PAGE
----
Your cashflow is the lifeblood of your company, so why are you not paying attention to it?
Cashflow forecasting is the process of analysing the inflow and outflow of money in your business within a given timeframe. Proper cashflow forecasting lets you anticipate dips and surges in your available fund so you could make the right decisions, and avoid unexpected financial hiccups.
While it may seem simple, many small business owners make cashflow forecasting mistakes that often lead to serious financial issues.
To help you get started with cashflow forecasting, here are some dos and don’ts to remember.
Do cashflow forecasting regularly
Your financial situation could change at any time — the same goes with your cashflow. Some companies perform cashflow forecasting annually. Others do it every six months.
If your business is stable, a cashflow forecasting once or twice a year may be enough. However, if your business’s performance has been unpredictable for the past months, it may be best to perform forecasting more often, like once a month or once a week.
Don’t make your cashflow forecast complicated
Forecasting doesn’t have to be complicated. On its basic form, cashflow forecasting tracks the money that comes in and out of the business. You could start doing it on a spreadsheet. The important thing is to be as accurate as possible in recording transactions.
Be realistic, not optimistic
Yes, you want your businesses to succeed but when it comes to forecasting, make sure not to be overly optimistic. Look at your data, check your finances. How’s the balance between your income and expenses? If your spending is high, do you have a backup plan in case profits decline in the future?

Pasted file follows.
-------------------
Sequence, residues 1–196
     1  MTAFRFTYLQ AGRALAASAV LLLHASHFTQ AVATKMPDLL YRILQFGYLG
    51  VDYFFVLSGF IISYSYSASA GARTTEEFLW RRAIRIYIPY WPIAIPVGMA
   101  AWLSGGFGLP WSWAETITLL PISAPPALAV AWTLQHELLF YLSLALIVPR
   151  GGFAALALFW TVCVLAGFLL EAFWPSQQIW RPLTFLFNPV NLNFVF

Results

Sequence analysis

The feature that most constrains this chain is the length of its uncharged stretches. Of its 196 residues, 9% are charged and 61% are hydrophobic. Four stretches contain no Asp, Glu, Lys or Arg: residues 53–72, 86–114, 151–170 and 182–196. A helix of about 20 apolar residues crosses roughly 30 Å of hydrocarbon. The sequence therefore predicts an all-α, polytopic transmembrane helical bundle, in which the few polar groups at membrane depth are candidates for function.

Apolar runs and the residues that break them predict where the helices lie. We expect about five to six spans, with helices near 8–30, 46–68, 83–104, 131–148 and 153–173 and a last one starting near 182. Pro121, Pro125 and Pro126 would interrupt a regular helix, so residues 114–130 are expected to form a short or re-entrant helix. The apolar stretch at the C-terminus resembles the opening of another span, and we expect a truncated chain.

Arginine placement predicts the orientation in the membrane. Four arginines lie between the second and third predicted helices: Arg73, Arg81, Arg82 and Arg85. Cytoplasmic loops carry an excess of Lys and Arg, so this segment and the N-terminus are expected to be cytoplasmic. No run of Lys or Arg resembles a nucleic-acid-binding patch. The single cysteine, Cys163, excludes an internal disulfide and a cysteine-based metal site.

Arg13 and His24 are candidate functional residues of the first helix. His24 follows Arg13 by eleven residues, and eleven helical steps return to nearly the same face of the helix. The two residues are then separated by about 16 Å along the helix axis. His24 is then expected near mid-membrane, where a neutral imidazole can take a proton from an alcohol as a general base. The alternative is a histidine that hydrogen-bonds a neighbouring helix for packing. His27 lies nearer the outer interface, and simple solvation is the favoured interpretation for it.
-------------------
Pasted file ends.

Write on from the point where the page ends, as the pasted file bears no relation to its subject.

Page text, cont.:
Remember that cashflow isn’t revenue
Some business owners mistake cashflow with profit. Remember, profit is what you get from sales — after you’ve taken out all the expenses related to that sale. Cashflow, on the other hand, shows liquidity — where they’re coming from and how they are used.
Don’t let unpaid invoices be left unpaid
Unpaid invoices could hurt your cashflow forecast. If you expect money to be there and it’s not there, it creates a ripple effect, even disturbing your business operation. Make sure clients pay on time. And be diligent in paying your suppliers, too.
With proper cashflow forecasting, you’ll be confident in making financial decisions for your business. No more asking the question “where have all the money gone?”
For more information on cashflow forecasting, please fill out our contact form or call us at 02 6752 9700